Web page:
Magellanic penguins

Sex-specific migratory behavior in a marine predator results in higher risks to females

Metadata Authors: Dr. Ginger Rebstock and Dr. P Dee BoersmaJournal: Marine Ecology Press SeriesDOI: https://doi.org/10.3354/meps14476 Summary Summary written by Sofia Denkovski Protecting Migratory Species Sexual Segregation of Magellanic Penguins Effects of sex-biased distribution on females What does this tell us?

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Field updates: Argentina, September 2023

Written by Dr. Dee Boersma The ongoing pinniped (seals and walruses) die-off on Peninsula Valdés is catastrophic. Our contacts in Argentina–two local veterinarians (Marci Uhart and Ralph Vanstreels), and Claudia Campagna of WCS–tell us that hundreds and potentially thousands of sea lions and elephant seals have died. Avian flu (more widely known as bird flu) has devastated seabird populations throughout the world, but this is the first time it has reached Chile and Argentina. Over a million chickens were killed just in Peru to try and stop its spread. A few sea lions and one elephant seal tested positive for

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Changing course: Relocating commercial tanker lanes significantly reduces threat of chronic oiling for a top marine predator

Metadata Authors: Eric L. Wagner, Esteban Frere, P. Dee BoersmaJournal: Marine Pollution BulletinDOI: 10.1016/j.marpolbul.2023.11 Summary Summary written by Sofia Denkovski Argentinian oil and effects on seabirds Surveys from 1982-1990 suggested more than 40,000 penguins died per year in Chubut and Santa Cruz from chronic oiling. This was hypothesized to be due to the colonies’ proximity to oil centers and shipping lanes. Why is oil so bad for birds? Oiled birds lose their ability to thermoregulate and can ingest the toxic oil. Penguins are especially vulnerable due to remote breeding sites and inability to fly. Changes after establishment of 1997 marine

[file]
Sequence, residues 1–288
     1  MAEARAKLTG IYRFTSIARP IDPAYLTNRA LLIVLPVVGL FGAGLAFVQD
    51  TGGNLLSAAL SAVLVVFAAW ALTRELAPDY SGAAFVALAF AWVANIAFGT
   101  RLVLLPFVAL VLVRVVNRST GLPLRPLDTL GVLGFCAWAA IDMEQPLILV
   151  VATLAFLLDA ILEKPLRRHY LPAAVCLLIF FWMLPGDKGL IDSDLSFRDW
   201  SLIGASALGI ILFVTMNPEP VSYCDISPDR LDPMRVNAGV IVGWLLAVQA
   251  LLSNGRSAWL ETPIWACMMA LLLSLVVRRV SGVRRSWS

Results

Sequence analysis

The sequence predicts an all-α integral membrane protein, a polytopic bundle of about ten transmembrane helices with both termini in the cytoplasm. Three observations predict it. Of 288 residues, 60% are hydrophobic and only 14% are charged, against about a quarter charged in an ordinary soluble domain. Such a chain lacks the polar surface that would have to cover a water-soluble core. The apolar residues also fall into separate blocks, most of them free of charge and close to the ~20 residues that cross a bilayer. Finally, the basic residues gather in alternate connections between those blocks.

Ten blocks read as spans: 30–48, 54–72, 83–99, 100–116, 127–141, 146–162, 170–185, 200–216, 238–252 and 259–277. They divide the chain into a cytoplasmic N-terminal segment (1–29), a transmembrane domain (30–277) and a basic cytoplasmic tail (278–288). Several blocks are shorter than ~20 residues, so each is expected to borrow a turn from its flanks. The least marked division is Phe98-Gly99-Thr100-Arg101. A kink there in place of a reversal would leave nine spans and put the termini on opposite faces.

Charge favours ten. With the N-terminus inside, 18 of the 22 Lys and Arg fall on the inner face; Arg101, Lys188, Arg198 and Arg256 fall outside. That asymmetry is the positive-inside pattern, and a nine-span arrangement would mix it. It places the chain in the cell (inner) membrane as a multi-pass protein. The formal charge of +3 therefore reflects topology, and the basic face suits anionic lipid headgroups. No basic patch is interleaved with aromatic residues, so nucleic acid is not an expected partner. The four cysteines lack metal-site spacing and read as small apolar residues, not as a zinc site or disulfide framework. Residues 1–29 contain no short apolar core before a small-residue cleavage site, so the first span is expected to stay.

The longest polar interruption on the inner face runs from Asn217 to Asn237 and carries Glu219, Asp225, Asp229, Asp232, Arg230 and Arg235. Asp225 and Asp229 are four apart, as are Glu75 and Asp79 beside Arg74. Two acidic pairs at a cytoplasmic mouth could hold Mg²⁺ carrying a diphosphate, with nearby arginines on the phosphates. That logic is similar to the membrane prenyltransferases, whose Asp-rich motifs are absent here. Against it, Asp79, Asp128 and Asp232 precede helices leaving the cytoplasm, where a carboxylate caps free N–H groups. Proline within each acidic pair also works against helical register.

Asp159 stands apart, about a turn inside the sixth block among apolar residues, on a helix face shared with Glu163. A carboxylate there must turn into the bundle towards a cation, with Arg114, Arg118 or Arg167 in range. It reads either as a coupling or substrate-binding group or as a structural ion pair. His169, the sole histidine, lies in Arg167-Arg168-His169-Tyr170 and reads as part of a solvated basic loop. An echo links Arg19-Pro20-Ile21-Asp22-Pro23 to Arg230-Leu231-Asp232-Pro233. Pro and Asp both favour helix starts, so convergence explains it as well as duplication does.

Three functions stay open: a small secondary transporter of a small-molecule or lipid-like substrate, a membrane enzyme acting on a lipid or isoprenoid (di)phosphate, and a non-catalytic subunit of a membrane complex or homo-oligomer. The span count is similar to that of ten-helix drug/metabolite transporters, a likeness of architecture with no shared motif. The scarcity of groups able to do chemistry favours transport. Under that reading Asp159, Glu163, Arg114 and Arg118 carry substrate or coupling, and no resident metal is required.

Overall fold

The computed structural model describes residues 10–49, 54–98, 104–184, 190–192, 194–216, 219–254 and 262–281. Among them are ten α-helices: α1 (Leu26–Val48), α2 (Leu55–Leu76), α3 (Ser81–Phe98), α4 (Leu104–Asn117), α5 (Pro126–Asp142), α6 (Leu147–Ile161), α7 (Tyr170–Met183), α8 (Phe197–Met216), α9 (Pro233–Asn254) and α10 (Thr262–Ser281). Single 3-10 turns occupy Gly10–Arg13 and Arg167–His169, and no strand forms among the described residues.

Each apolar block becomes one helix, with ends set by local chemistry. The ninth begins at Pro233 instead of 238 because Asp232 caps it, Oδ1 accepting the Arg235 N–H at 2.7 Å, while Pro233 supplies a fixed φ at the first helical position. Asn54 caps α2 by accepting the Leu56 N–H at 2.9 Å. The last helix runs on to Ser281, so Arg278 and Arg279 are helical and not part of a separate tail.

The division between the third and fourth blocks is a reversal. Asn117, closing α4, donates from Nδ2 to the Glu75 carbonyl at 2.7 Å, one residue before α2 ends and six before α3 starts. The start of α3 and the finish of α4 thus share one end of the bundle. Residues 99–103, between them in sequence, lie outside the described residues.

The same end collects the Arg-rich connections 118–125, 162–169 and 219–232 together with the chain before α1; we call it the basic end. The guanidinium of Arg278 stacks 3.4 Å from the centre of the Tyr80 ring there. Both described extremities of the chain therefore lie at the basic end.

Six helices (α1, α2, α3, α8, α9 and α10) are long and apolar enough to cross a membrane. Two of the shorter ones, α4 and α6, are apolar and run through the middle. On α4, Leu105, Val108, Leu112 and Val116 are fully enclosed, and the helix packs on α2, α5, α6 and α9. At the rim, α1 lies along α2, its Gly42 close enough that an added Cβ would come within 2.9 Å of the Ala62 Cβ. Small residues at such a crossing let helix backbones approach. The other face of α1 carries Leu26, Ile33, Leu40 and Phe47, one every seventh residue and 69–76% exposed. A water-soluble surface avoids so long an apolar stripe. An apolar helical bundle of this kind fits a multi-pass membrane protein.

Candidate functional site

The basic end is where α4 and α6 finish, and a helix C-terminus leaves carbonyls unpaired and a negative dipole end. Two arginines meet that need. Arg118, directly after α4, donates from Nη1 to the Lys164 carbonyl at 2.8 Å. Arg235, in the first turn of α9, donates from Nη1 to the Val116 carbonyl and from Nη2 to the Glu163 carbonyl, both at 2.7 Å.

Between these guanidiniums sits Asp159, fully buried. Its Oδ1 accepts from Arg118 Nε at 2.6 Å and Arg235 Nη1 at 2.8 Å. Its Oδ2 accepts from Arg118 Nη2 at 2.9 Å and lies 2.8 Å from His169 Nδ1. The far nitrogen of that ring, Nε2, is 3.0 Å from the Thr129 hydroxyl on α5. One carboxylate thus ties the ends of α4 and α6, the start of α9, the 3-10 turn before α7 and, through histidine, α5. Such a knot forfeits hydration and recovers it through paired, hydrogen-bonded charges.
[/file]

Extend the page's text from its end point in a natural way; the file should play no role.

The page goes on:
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Climate presses and pulses mediate the decline of a migratory predator

Authors: T. J. Clark-Wolf, P. Dee Boersma, Ginger A. Rebstock, and Briana AbrahmsJournal: Proceedings of the National Academy of SciencesDOI: 10.1073/pnas.2209821120 Long-term climate changes and extreme climate events differentially impact animal populations, yet whether and why these processes may act synergistically or antagonistically remains unknown…

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Should I stay or should I go: factors influencing mate retention and divorce in a colonial seabird

Authors: Eric L. Wagner, Caroline D. Cappello, P. Dee BoersmaJournal: Animal BehaviourDOI: 10.1016/j.anbehav.2022.08.002 Divorce among serially monogamous birds can lead to increased reproductive success if an individual obtains a higher-quality mate or nest site, or it can lead to lower reproductive success due to lack of pair experience or reduced breeding opportunities…

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